Bulk Data Collection

  View image | gettyimages.com A federal appeals court ruled in May, 2015 that the NSA’s bulk collection of domestic calling data is illegal. While such bulk data collection would strike
Philosophy News image
  View image | gettyimages.com A federal appeals court ruled in May, 2015 that the NSA’s bulk collection of domestic calling data is illegal. While such bulk data collection would strike many as blatantly unconstitutional, this matter has not been addressed, though that is perhaps just a matter of time. My intent is to address the general issue of bulk domestic data collection by the state in a principled way. When it comes to the state (or, more accurately, the people who compose the state) using its compulsive force against its citizens, there are three main areas of concern: practicality, morality and legality. I will addressing this matter within the context of the state using its power to impose on the rights and liberties of the citizens for the purported purpose of protecting them. This is, of course, the stock problem of liberty versus security. In the case of practicality, the main question is whether or not the law, policy or process is effective in achieving its. . .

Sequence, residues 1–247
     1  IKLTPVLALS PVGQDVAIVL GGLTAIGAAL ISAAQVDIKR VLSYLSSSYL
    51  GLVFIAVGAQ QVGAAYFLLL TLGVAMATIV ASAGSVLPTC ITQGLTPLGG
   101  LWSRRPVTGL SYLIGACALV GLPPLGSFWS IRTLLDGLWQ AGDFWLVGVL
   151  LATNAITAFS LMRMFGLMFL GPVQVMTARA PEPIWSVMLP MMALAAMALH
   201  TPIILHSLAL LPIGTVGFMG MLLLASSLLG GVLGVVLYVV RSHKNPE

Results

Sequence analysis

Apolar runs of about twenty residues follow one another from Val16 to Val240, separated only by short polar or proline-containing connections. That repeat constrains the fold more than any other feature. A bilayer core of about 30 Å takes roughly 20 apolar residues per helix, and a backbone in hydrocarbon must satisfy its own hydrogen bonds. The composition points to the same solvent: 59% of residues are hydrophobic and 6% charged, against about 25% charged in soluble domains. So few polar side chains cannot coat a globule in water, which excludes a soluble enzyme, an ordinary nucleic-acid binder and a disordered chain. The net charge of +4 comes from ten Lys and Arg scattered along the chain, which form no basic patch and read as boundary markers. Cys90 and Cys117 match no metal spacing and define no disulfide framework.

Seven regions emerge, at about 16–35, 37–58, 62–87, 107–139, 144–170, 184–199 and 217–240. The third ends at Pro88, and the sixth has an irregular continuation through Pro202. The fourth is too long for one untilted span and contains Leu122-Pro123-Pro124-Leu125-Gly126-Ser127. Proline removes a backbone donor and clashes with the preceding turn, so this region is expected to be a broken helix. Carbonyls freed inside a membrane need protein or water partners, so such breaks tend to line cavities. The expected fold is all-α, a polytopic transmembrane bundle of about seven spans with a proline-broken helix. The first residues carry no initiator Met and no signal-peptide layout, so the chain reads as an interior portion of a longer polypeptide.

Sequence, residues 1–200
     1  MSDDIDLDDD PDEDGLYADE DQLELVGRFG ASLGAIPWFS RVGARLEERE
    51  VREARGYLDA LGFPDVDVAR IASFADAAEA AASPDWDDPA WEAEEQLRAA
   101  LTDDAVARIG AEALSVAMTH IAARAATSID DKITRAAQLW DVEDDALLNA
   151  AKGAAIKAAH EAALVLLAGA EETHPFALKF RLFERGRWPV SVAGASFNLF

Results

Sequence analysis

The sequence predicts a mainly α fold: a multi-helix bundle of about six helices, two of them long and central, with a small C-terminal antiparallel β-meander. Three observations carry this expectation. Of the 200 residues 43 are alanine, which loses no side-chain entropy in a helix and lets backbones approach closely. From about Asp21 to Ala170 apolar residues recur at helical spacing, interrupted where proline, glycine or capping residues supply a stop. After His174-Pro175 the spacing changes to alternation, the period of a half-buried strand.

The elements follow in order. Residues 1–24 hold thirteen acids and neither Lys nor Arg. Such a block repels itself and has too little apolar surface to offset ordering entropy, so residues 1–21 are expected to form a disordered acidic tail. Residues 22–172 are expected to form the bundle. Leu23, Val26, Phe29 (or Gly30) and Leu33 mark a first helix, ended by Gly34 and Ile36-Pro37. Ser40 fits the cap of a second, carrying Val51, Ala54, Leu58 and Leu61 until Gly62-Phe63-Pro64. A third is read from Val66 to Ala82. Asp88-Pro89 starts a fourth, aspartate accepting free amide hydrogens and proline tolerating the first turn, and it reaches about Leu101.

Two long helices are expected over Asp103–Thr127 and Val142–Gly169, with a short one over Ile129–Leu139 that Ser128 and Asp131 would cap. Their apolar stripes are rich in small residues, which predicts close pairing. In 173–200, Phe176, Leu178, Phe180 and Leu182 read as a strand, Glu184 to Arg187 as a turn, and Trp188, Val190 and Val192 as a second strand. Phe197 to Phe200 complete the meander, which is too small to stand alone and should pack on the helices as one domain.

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News source: Talking Philosophy

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